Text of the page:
Among The Poor

Among The Poor.

The Thames, And Tower Of London

The Thames, And Tower Of London.

The Victoria Embankment

The Victoria Embankment.

The Thames, Below London Bridge

The Thames, Below London Bridge.

O silent, stately, and historic river, what suffering and sin hast thou not witnessed in thy ceaseless flow from Caesar's century to our own! Would that thy waves had power either to cleanse the lives and consciences of men, or else, like fabled Lethe, to lift the awful load of London's misery and crime and bear it to an ocean of forgiveness and forgetfulness!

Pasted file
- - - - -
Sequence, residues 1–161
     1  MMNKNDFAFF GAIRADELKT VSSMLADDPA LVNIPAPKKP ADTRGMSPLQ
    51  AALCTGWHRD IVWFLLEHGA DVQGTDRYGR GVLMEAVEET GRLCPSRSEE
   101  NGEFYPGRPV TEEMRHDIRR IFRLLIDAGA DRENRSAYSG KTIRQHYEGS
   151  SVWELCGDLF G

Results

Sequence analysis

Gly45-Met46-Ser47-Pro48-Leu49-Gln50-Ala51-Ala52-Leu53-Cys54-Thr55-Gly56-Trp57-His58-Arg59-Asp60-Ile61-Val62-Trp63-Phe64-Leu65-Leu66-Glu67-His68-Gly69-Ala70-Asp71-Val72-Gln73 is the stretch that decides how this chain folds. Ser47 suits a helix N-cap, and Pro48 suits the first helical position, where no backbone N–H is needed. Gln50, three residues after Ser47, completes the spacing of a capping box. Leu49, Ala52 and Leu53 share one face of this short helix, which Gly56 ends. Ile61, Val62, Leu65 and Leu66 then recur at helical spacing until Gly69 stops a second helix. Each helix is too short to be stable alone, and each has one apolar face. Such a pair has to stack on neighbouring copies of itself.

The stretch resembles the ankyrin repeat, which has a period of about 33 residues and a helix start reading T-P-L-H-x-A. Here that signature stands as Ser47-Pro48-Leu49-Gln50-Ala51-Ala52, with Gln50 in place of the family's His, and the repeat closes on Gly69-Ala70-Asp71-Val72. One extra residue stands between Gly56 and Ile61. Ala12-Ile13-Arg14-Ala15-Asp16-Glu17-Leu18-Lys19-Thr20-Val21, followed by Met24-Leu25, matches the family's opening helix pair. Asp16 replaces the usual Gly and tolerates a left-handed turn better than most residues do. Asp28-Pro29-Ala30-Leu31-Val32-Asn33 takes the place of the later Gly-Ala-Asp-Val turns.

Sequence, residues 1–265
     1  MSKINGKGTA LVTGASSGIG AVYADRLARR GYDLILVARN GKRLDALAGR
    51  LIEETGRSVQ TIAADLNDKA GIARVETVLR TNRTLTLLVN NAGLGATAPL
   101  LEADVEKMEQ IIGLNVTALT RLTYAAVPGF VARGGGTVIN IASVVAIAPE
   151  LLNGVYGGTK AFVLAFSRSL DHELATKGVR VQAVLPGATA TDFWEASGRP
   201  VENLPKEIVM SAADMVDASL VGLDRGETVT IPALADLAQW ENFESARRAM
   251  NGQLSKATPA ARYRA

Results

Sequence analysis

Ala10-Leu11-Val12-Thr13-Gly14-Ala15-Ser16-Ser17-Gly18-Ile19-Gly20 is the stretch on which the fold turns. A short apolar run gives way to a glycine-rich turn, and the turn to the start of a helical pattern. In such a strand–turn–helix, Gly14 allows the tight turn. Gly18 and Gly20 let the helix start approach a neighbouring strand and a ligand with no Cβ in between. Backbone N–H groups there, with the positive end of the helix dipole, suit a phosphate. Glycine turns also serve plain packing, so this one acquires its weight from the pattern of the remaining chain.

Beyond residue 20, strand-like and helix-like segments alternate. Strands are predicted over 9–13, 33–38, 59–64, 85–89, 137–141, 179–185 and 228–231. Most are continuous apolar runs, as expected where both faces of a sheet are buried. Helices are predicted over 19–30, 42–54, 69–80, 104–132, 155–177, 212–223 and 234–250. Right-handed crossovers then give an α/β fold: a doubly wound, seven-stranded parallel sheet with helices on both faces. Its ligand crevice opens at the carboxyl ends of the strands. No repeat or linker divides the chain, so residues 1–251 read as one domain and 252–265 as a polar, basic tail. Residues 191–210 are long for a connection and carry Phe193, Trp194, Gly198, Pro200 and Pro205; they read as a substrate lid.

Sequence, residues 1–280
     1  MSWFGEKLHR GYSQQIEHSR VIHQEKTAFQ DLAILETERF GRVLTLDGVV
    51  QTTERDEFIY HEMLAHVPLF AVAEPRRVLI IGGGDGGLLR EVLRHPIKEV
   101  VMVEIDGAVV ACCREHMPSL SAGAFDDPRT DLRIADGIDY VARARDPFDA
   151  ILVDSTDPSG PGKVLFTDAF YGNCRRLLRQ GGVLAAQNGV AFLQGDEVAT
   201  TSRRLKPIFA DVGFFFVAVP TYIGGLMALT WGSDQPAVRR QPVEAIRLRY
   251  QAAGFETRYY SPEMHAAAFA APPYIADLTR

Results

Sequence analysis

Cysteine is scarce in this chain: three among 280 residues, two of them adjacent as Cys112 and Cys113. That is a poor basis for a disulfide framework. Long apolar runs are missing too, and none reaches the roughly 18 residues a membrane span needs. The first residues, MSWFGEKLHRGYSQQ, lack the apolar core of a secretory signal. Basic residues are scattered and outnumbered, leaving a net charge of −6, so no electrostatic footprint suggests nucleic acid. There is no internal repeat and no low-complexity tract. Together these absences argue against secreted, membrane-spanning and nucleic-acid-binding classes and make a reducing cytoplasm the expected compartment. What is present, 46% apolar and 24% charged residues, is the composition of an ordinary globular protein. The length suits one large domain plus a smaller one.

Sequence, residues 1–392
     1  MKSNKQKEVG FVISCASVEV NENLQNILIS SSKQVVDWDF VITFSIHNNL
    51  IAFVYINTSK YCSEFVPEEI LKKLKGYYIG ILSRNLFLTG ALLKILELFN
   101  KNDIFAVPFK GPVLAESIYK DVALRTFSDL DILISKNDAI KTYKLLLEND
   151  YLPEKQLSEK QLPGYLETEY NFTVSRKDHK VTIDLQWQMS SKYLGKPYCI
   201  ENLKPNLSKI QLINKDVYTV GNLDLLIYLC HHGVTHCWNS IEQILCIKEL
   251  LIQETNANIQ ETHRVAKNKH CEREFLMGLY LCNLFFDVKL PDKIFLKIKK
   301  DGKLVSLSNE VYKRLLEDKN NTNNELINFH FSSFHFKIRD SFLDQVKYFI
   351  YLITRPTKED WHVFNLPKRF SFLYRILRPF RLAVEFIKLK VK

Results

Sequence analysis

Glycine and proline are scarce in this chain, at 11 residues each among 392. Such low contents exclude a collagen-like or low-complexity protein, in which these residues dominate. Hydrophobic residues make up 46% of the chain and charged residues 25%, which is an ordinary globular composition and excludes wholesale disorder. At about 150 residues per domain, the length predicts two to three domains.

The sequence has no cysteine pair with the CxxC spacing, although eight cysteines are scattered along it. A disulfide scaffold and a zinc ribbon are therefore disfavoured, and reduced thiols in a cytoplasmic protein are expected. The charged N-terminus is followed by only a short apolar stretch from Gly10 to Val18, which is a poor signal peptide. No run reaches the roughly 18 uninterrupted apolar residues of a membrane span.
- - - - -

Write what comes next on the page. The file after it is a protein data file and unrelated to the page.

Conspicuous among the edifices of the "City" is a lowbrowed, massive structure, without a single window in its outer walls. It is the Bank of England. The absence of windows in its dark exterior is supposed to give greater security to its contents, the light within being obtained from interior courts and skylights. The building looks, therefore, like a gigantic strong box of granite, covering an area of four acres. Standing thus in the very heart of one of the busiest and most valuable localities in the world, this bank is suggestive of an electric power-house, - the central dynamo of the financial world. The sovereign here enthroned possesses a prerogative that no Plantagenet ever dreamed of wielding, and has more territory subject to his sway than ever felt the yoke of Caesar. The slightest flutter of his heart is felt at the Antipodes. He holds his finger on the pulse of Commerce, and when his skillful hand tightens or loosens its grasp, the nerves of marketable values thrill responsive quiver to the remotest edge of civilization, where even savagery recognizes now the influence of the magician, - money. To be practical, the capital of this bank is more than seventy-five millions of dollars, its private deposits aggregate double that amount, and its bullion is supposed to be worth at least one hundred and twenty-five millions. It determines the money-standard for every individual, and every transaction in an empire wider and more powerful than that of Rome at her zenith; and, do what other countries may in rivalry, the Bank of England is the court of last appeal in all the world's financial differences. Yet this colossal institution is but two centuries old, born in the brain of a prophetic Scotchman, in 1694. Amsterdam, Venice, and a half dozen other European cities had banks before; but it remained for this child of William Patterson's invention to demonstrate the imperial dominion of which such an establishment is capable. I know of few things more suggestive than this enormous reservoir of monetary power. Great fortunes were accumulated under the older civilizations, but they were largely incidental, and never rose to be a dominating force. Riches were gained and wasted, then, without materially determining the rise and fall of nations. Our civilization, on the contrary, is guided and controlled by brain-force, wielding that mightiest of the brain's tools, wealth. The great American authority on naval matters has demonstrated how necessary to supremacy is the mastery of the sea; but just as clearly does the history of the Bank of England prove that the possession of money predetermines that of naval power. It is now capital that gains control: first, of the highway of the world; and, secondly, of its commerce; and, hereafter, the ultimate victory in any war will depend upon the combatant's capacity to procure its "sinews." Hence, although grimy with soot and unimposing in architecture, the Bank of England is only less impressive to the thoughtful tourist than the Tower. One represents the power of the Present; the other illustrates the power of the Past. Before the coronation of Finance as King, there was no standard of political action save the caprice of individuals who governed "by divine right," and could make war at will; but with the rise of monetary power, and the enormous expense of modern ordnance (the firing of one shell costing thirteen hundred dollars), the undisputed sway of individual despots has forever passed away. The new regime is not without its possibilities of peril; yet it, at all events, has struck a death-blow to the former "one-man-power," and given to mankind another opportunity to help on the evolving freedom of the race.